Potential fitness benefits of group living in the red fox,Vulpes vulpes

  title={Potential fitness benefits of group living in the red fox,Vulpes vulpes
  author={Philip J. Baker and Charles P. J. Robertson and Stephan Michael Funk and Stephen A. Harris},
  journal={Animal Behaviour},
For species such as the red fox, spatio-temporal variation in resource availability may promote group living even when the benefits of group formation are not of significant magnitude to promote territorial expansion and delayed dispersal. In this paper we use data from an urban fox population to compare the relative benefits of dispersal and natal philopatry as routes to attaining dominant status and investigate the potential benefits of territory inheritance, alloparental care and… 
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Polygynandry in a red fox population: implications for the evolution of group living in canids?
Red foxes in a high-density population in Bristol, UK, were analyzed to determine whether groups typically produced a single litter of cubs annually and whether male and female foxes exhibited monogamous mating strategies, which indicated second-order rather than first-order relatives.
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Within the larger home ranges of breeding foxes (alpha-individuals), also nonbreeding females (beta-females) with smaller home ranges, occur, and these non-breeding females regularly become pregnant, but abort or desert their young.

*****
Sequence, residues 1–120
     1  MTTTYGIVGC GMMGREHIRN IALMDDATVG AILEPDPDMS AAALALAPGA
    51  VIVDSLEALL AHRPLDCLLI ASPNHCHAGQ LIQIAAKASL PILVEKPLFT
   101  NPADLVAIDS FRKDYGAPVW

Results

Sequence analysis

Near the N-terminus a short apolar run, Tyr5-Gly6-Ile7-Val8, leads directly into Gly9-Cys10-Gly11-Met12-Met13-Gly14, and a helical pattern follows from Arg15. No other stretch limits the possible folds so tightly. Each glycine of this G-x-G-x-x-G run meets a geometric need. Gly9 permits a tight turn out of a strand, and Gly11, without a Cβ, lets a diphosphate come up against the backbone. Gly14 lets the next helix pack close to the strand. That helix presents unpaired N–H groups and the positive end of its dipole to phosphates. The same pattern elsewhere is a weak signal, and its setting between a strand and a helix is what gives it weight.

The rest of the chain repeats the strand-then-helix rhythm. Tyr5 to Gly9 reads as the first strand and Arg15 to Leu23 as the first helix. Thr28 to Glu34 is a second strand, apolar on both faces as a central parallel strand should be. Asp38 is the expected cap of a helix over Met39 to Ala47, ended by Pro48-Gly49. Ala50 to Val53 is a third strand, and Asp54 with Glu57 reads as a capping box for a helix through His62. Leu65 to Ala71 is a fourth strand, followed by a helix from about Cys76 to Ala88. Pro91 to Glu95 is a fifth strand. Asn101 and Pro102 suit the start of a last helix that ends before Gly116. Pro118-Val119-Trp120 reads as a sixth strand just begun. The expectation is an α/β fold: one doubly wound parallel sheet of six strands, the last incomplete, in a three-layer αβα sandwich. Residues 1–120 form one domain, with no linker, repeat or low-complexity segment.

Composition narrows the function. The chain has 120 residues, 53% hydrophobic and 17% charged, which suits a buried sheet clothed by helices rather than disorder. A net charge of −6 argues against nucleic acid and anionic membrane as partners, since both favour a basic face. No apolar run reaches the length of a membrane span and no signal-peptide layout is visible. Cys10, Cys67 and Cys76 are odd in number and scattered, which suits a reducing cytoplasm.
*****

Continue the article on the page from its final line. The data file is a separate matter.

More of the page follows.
Large prey for small cubs ‐ on crucial resources of a boreal red fox population
It is argued that the availability of large prey during the first year of increasing vole densities might determine territory sue and hence also average population density of foxes throughout the whole cycle in boreal foxes.
Shift in red fox, Vulpes vulpes, mating system associated with El Niño in the Bering Sea
Cooperation, Altruism, and Restraint in the Reproduction of Carnivores
It is suggested that studies of the processes that direct an animal towards a given reproductive (or social) role would be fruitful, and that they might most usefully be approached in terms of the effects of ecological circumstances on social organization, and on the development of individuals and their social relationships.
Carnivore Group Living: Comparative Trends
This chapter briefly review selected hypotheses for the evolution and maintenance of grouping in carnivores, focusing on those that are broadly applicable across the order and are testable from the available comparative data.
Fox society, contact rate and rabies epizootiology.
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It is hypothesized that much of canid interspecific and intraspecific variation in social structure may be explained by focusing on proximate enivironmental mechanisms, specifically resource avail- ability.
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Diverse selective pressures have contributed to the evolution of the varied social groups of carnivores: the benefits of strength of numbers for defence of kills and territory, and in the hunting and
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